Many see political correctness as essentially harmless, but I suggest it becomes truly dangerous when those who exercise state power adopt it as their governing attitude.  Just look at the record of the police in the U.K. In the 12 months ending in March 2008, the police in the U.K. made 1.5 million arrests, while nine years later, in the 12 months ending in March 2017, they made only 780,000 arrests. Now this might lead one to believe that this almost 50% decrease in arrests resulted from a corresponding decrease in crime. But this assumption would be wrong...very, very wrong. Although arrests were down by 48%, crime increased drastically. In just the past year violent crime in the U.K. increased by almost 20%, rape by 22%, knifings by 26%, and in a nation where gun ownership is almost non-existent, gun crime increased by 27%. Similar increases were reported for both burglary and robbery.

Why so few arrests in the face of so much crime? The answer is simple. Instead of solving real crimes, the police have focused on "hate incidents" and "malicious communications." In London, which by the way is now more dangerous than New York City, arrests for making offensive online comments rose 53%. And so freedom of speech, once a cherished right among the British, gets crushed by political correctness...and so do peoples lives.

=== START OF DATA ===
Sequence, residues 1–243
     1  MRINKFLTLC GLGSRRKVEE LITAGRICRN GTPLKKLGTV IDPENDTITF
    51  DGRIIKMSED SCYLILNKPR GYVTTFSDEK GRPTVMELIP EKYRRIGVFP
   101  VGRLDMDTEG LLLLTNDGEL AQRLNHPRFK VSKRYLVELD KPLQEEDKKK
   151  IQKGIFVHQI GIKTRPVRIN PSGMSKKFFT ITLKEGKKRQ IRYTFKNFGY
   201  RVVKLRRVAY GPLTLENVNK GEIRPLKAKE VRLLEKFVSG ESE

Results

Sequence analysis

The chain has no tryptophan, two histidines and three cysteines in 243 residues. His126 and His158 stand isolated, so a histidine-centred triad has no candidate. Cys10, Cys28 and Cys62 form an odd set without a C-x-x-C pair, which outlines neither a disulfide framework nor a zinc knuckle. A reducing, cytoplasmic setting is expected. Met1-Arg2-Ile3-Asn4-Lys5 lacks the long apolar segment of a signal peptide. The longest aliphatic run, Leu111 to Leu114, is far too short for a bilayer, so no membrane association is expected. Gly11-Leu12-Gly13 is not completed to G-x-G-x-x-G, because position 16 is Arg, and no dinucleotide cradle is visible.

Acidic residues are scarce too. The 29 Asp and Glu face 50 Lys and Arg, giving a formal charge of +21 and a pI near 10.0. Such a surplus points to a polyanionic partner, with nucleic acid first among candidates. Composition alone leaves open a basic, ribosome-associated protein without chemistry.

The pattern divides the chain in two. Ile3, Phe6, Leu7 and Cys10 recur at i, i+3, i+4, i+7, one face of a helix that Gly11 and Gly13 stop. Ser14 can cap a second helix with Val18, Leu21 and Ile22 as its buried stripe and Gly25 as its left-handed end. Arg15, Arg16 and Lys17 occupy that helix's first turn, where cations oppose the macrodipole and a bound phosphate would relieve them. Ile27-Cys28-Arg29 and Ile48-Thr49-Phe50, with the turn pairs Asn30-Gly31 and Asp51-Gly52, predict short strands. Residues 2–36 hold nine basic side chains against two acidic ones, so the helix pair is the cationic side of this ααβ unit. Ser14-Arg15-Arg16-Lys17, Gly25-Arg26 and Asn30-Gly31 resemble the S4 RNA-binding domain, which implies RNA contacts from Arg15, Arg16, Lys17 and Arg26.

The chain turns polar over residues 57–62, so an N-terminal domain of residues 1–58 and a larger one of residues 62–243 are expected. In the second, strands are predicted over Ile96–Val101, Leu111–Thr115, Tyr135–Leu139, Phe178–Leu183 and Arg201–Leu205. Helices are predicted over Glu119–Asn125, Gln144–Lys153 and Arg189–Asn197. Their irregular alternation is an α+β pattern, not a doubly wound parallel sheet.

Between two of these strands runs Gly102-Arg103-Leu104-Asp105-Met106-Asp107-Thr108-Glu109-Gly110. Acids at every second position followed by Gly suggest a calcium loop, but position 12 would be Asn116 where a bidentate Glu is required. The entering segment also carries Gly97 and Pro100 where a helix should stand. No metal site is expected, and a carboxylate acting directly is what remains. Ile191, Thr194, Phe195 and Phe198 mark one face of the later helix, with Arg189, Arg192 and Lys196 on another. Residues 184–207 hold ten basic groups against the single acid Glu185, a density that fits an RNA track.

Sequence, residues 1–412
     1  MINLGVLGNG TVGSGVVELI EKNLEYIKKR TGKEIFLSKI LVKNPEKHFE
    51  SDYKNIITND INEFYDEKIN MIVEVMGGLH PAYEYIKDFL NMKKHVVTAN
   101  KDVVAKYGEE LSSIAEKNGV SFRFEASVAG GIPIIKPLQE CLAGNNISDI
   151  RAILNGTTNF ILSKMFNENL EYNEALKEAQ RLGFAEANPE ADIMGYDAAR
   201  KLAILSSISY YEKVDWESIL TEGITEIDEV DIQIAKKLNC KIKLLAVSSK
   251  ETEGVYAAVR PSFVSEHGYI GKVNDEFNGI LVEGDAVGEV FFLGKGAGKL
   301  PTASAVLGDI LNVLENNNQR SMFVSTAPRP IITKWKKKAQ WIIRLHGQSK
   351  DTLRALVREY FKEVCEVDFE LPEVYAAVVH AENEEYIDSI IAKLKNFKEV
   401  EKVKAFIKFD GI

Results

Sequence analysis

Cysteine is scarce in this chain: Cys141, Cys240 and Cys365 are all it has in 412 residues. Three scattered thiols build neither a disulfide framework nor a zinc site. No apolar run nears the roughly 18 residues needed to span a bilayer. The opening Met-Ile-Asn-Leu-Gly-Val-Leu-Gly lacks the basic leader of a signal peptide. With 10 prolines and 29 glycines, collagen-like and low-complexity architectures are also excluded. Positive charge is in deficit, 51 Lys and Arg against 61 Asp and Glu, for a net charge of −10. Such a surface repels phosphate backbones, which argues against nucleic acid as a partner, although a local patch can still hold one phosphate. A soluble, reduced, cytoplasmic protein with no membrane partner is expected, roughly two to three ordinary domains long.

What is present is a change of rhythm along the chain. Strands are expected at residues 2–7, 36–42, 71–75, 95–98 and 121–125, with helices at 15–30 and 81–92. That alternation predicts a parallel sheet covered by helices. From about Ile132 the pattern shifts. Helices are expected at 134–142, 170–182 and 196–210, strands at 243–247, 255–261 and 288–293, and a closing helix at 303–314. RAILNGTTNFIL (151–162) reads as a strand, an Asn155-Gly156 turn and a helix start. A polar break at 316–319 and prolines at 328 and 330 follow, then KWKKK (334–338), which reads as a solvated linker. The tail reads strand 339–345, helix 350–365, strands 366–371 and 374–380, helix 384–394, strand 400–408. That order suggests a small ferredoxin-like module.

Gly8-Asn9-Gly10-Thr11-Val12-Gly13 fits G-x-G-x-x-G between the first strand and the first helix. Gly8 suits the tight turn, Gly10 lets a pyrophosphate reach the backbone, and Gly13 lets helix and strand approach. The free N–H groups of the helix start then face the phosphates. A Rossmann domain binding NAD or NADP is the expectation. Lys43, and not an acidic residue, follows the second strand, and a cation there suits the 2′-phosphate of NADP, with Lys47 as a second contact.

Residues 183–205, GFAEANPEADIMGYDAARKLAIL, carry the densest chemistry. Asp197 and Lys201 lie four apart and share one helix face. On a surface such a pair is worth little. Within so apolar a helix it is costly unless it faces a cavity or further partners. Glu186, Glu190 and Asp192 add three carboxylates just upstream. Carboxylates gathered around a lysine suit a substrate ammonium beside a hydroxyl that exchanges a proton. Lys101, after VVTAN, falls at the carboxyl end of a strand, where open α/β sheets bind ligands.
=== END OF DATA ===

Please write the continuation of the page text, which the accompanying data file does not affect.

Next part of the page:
St. Michael, protect us...from ourselves.

Monday, September 24, 2018

Christ and His Church

The other morning after Mass I exposed the Blessed Sacrament on our church's altar for an hour of adoration by the faithful. I left the church for about 20 minutes to take care of a few things in the parish office and then returned to spend the rest of the hour with the Lord before Benediction. 

I prayed and gazed upon the gift of Christ's Real Presence in the monstrance, but as usual my prayers were lacking -- self-absorbed prayers of petition driven not by the Father's will but by mine. At some point I realized how imperfect my prayer had become, and glanced up at the large crucifix suspended over the sanctuary. 

As my thoughts turned from my petty problems, I found myself pondering Jesus Christ and His Church. When we see Jesus we see the Church, His Mystical Body, for He is its head and we are its members. Where Jesus is, so too is His Church. There, high over the sanctuary, is Jesus, nailed to that Cross to redeem us, to forgive us of our sinfulness, to free us from our enslavement. And there, too, is His Church, crucified by the sins of its own members. Every sin is yet another pounding of the hammer on those nails. Every sin is another of God's people admitting that he prefers slavery to true freedom. Things really haven't changed much since the days of Moses. Here we are, three millennia later, and like God's chosen ones, we too are willing to toss freedom aside in exchange for the modern equivalent of the fleshpots of Egypt [Ex 16:3].